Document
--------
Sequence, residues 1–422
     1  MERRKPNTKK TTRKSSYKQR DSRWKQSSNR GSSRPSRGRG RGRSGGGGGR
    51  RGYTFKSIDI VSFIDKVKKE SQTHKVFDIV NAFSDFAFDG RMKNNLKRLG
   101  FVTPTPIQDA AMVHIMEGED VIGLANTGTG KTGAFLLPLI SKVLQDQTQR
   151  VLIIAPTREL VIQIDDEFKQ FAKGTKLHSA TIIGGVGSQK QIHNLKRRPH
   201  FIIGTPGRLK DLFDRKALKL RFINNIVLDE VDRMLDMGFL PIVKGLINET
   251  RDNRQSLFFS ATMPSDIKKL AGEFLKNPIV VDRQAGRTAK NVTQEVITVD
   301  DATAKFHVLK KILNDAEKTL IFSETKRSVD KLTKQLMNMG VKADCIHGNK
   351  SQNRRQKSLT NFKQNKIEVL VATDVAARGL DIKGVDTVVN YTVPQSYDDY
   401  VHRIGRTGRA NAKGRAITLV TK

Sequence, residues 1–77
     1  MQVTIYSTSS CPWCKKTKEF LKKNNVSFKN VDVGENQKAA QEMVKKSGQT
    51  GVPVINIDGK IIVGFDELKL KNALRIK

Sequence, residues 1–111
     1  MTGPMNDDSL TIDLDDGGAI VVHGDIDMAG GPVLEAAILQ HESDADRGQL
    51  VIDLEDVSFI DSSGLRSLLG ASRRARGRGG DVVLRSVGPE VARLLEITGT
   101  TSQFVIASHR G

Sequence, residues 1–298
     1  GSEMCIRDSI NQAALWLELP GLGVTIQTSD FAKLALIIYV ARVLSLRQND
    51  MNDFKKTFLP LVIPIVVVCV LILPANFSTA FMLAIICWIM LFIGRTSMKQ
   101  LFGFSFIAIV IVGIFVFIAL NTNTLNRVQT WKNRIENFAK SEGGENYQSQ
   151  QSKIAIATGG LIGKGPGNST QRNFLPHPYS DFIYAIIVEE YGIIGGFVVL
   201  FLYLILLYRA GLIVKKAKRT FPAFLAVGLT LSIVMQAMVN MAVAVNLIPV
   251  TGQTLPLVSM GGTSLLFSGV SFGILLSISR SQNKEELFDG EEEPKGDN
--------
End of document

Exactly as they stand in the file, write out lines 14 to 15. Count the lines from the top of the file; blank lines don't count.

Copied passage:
Sequence, residues 1–111
     1  MTGPMNDDSL TIDLDDGGAI VVHGDIDMAG GPVLEAAILQ HESDADRGQL